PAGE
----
When footage of an unreleased video game is shown at a major media event like the Electronic Entertainment Expo, it's usually taken as a given that we're seeing footage from a finely polished segment of an otherwise finished game. Swarms of bugs may remain, whole levels and features may be undesigned, but it's generally wise not to show these defects.
We rarely get a glimpse at the measures developers take to achieve their glorious first impressions, but that changed a bit this week when YouTube's PtoPOnline posted footage from what it claims to be the specific build of Tom Clancy's Ghost Recon: Future Soldier Ubisoft showed at their E3 press conference in 2010.
The video shows that even though developers may claim to be showing live footage, it's often a half-truth at best. The build caters to the gameplay of someone following a specific script, as few bits look out of the ordinary if you mimic the original 2010 E3 presentation to the letter. With a controller in their hands, though, PtoPOnline realized that much of the action is automated aside from general movement. The footage thus grants the illusion of effortlessly skillful play, as opposed to real-life scenarios where misclicks and premature shots mar the experience.
At one point, for instance, the narrator sneaks up on an enemy soldier. Rather than requiring him to hit "A" on the gamepad as in the retail release, the game takes the reins once he's in range and pulls off a melee execution flawlessly. Elsewhere, moving to another part of the map causes an automatic shift in daylight, thus letting the player to appear to enter a new zone without risking the potentially embarrassing complications of a loading screen.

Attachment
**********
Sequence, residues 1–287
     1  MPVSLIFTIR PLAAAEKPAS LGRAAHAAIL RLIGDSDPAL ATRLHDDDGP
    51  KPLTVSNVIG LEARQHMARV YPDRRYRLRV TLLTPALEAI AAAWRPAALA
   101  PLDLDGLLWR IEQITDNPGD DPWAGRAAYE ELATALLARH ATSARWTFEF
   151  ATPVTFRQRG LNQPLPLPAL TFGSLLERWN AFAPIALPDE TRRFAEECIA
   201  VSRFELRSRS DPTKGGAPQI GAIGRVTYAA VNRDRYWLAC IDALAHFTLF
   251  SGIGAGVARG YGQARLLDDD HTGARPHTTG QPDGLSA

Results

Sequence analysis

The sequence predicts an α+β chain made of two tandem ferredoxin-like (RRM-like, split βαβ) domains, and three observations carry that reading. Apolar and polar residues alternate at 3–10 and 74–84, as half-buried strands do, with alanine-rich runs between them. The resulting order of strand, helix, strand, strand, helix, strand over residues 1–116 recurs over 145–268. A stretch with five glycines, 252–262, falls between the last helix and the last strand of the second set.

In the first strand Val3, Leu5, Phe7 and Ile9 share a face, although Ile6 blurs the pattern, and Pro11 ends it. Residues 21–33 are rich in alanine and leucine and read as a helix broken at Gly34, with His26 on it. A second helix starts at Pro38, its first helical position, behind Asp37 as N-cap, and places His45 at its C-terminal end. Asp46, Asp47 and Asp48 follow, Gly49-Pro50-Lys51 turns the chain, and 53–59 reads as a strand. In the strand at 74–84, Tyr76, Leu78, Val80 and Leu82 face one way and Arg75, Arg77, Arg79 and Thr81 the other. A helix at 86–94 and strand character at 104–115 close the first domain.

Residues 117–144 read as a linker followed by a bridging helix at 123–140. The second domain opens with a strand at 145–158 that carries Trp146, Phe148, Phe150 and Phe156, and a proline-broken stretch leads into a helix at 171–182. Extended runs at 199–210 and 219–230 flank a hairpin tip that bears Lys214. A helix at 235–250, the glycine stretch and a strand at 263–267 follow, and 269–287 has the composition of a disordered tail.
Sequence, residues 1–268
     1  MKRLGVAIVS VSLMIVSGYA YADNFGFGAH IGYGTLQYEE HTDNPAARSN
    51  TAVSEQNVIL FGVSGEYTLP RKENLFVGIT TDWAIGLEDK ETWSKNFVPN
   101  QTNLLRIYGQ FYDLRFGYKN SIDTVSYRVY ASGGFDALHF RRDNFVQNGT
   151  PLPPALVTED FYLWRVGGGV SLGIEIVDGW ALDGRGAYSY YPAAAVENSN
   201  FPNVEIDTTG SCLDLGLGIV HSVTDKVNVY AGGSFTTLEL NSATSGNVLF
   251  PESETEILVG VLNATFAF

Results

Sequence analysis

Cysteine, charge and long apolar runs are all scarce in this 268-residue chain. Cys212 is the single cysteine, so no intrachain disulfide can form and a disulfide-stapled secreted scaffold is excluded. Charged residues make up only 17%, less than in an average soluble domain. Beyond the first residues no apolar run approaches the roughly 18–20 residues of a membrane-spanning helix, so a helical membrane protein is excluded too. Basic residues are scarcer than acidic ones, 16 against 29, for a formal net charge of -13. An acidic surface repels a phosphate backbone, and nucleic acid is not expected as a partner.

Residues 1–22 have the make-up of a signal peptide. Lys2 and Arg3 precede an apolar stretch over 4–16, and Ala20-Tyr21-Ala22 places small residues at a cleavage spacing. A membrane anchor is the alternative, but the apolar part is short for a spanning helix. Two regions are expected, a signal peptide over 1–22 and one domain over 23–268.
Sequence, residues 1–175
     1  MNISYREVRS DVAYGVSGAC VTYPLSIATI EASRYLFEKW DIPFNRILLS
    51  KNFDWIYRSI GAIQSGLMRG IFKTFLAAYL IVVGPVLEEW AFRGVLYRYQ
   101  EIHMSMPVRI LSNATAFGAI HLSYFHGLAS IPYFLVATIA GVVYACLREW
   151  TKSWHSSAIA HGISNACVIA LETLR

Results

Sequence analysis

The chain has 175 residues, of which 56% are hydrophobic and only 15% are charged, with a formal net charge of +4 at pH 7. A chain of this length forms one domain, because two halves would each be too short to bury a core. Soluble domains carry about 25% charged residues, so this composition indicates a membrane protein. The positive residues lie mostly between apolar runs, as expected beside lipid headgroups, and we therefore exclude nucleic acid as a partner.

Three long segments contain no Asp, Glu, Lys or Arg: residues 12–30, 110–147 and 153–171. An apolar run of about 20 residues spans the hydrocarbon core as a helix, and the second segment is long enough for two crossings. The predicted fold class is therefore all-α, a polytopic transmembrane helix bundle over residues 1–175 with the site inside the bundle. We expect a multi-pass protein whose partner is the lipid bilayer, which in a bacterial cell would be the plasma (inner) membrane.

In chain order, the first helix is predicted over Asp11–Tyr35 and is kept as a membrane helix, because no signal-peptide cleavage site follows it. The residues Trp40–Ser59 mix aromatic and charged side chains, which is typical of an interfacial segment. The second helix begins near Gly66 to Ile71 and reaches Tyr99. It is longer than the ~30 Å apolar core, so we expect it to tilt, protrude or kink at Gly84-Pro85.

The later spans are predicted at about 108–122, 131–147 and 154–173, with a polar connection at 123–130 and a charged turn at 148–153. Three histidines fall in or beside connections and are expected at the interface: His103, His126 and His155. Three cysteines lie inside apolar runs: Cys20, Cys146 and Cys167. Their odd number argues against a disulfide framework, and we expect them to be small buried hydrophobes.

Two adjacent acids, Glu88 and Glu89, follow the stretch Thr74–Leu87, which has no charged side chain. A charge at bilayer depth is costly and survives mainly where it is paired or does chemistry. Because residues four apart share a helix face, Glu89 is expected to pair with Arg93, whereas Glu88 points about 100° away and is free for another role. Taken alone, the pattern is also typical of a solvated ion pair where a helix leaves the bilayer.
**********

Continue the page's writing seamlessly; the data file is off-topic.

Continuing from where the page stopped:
The Original 2010 E3 Presentation
Things fall apart once the narrator breaks from the intended path entirely. Enemies ignore gunfire as though pollen were wafting onto their uniforms, and at other points they fail to spawn at all. Eventually, the narrator veers too far from the scripted playing field and falls straight through the world.
It's fascinating to see, but it's hardly unheard of. PtoPOnline itself previously showed similar tactics used for footage of Intrepid's canceled B.C. game, and the channel notes that Bungie admitted to using similar tactics for its Halo 2 footage in 2003.
And the practice isn't just limited to games. As The New York Times revealed back in 2013, the iPhone that Steve Jobs took on stage for his landmark 2007 presentation was a barely workable prototype. Much as in Ghost Recon: Future Soldier, the team had scripted a "golden path" of actions Jobs should take to create the appearance of a finished product. They programmed the phone to always show a full five bars of signal strength, and Jobs had to know how long he could play a song without the music app crashing. Worse, the whole thing might have crashed if Jobs had surfed the Web first and then sent an e-mail rather than the other way around. But of course, the whole thing went off without a hitch.
The iPhone went on to become a generation-defining device; Ghost Recon: Future Soldier went on to a buggy launch with numerous missing features. Had audiences seen them as they really were at that point, though, it's doubtful anyone would have been very excited about either of them after those initial presentations.